David Baldacci



Three works of grace, intrigue, and passion.



David Baldacci Formerly a Washington, D.C.-based lawyer, in 1996 David Baldacci employed his intimate knowledge of the nation's capital and its denizens into the bestselling legal-political thriller Absolute Power.  Since then, he's proven one of the most enduringly popular creators of narrative excitement on the scene, crafting tales that blend international power struggles, shadowy cabals, and all the intricate twists of the law.  In his latest, Deliver Us from Evil, a sadistic former KGB officer is pursued by competing hunters.   The author shares with us here three of his favorite books.


Books by David Baldacci




Cider House Rules

By John Irving


"Many writers have the ability to propel readers to another place and time but few have the vision to do so while examining very controversial topics. These topics have readers questioning their own long-standing beliefs. Irving has this rare and unmatched talent. He takes on substantive issues with humor and grace. He sets his own rules of storytelling and dares anyone to challenge his decisions. He is the Twain of our generation."





Strangers on a Train

By Patricia Highsmith


"When thinking of this book, I can't help but admire the double-talk and cross-meanings -- its main themes. This novel is a prime example of how to build tension and excitement in a narrative. You don't need dead bodies on every page. One carefully constructed death of a character that has been expertly brought to life is worth more than a hundred largely anonymous demises. Highsmith understood substance over quantity. I loved it and go back to it regularly, getting more and more out of the story which is as perfect a case study of human foibles as has ever been conceived."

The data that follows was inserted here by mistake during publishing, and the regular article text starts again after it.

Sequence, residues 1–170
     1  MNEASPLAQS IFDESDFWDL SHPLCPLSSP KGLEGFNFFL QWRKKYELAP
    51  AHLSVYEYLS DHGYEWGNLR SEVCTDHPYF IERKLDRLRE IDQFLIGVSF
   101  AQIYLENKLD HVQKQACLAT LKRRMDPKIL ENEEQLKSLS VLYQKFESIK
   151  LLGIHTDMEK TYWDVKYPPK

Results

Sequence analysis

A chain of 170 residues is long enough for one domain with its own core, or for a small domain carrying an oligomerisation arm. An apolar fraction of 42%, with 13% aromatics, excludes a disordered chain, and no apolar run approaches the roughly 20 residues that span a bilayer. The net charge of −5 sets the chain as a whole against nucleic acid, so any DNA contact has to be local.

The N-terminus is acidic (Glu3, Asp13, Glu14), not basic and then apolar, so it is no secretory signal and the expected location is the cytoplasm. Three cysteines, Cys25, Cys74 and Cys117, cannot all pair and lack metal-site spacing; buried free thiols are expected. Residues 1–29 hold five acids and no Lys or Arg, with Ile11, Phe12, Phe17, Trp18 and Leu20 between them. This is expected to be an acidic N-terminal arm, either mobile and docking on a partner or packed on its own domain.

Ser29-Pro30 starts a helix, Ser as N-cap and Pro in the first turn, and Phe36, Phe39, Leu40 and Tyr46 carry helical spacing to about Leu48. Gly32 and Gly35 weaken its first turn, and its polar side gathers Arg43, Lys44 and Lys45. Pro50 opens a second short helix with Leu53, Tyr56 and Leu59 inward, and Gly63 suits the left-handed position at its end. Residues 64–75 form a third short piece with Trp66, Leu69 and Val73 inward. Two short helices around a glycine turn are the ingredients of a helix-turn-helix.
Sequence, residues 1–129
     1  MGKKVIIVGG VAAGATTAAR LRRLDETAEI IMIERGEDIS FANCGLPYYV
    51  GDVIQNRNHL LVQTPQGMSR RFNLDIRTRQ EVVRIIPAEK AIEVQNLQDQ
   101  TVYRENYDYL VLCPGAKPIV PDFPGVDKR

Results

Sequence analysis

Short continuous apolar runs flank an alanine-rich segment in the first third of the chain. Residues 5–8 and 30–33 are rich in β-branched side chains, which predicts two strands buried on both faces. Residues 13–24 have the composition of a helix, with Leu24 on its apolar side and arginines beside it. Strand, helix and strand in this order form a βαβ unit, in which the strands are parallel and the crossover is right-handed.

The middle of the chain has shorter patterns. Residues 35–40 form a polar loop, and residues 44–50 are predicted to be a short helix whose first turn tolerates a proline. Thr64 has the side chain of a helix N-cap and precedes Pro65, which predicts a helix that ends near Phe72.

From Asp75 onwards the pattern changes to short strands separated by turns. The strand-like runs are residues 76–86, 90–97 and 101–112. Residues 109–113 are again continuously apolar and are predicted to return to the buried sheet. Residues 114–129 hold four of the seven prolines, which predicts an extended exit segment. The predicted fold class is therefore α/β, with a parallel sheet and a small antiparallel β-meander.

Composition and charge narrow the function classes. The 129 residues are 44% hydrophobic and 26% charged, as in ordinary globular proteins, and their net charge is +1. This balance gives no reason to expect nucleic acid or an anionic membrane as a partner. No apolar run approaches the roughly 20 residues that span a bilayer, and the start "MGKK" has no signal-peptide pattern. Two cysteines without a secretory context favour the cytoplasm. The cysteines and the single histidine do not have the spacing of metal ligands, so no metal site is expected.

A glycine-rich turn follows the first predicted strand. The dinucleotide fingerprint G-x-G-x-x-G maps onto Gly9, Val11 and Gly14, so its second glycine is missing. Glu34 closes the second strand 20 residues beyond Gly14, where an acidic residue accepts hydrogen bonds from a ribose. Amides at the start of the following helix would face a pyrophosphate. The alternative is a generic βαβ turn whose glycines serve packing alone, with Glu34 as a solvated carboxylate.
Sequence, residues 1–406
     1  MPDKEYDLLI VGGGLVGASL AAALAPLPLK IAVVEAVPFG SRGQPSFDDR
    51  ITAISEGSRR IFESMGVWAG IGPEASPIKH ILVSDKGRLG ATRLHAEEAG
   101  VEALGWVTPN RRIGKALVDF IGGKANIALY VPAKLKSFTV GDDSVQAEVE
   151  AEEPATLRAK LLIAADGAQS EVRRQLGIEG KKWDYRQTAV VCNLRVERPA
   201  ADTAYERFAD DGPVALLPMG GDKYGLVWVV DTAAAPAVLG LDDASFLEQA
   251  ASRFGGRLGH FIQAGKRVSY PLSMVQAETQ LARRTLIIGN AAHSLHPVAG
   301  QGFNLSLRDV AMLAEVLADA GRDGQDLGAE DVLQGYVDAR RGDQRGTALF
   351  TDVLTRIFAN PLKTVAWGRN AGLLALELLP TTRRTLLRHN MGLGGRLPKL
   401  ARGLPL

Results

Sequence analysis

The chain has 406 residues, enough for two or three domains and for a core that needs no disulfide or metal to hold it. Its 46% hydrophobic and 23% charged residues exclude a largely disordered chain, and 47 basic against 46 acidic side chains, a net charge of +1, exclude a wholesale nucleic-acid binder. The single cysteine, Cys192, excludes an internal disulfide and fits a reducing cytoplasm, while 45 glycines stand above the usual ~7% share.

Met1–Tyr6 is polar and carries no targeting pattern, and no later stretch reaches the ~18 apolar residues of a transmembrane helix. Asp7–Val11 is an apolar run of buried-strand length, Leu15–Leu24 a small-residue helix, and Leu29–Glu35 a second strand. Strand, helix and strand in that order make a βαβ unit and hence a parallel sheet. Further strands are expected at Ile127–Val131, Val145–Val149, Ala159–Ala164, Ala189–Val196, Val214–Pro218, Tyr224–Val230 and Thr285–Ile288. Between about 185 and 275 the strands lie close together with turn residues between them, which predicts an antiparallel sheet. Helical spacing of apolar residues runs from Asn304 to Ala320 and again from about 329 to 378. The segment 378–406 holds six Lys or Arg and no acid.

John Adams

By David McCullough


"McCullough brings to life a remarkable man in a remarkable book. Each page paints a picture of a true American patriot. A man who understood the rule of law and understood that it must be applied fairly, even to those most reviled among us, especially to those people in fact. Even though Adams lived over 200 years ago his passion for freedom and what it really means to be an American is still relevant today."


April 19: "What you see first, after the starting gun's crack, is a column of bobbing runners, thousands of them, surging downhill..."

Donna Tartt's The Goldfinch is the winner of the 2014 Pulitzer Prize for Fiction. James Parker calls this Dickensian coming-of-age novel "an enveloping…

Books, CDs, DVDs to know about now
Poems That Make Grown Men Cry

And women too.  Luminaries from Colin Firth to Nick Cave and Jonathan Franzen chose the poems that bring them to tears, and the result is a stunning collection of poignant verse from writers like Auden, Whitman, Bishop, Larkin, Neruda and many others.  Warning: choking-up hazard.

The King of Pain

Trapped beneath his entertainment system, reality TV mastermind Rick Salter reflects on his life and tries to piece together the events of the previous evening. Seth Kaufman’s romp is an outrageous meditation on pain and entertainment in a deranged world in which the two are often interchangeable.

The Good Inn

Frank Black, frontman for the Pixies, has written a transgressive historical fiction with shades of Thomas Pynchon (focused as it is on the history of explosives and cinematic pornography), all set in a hallucinatory Edwardian Europe.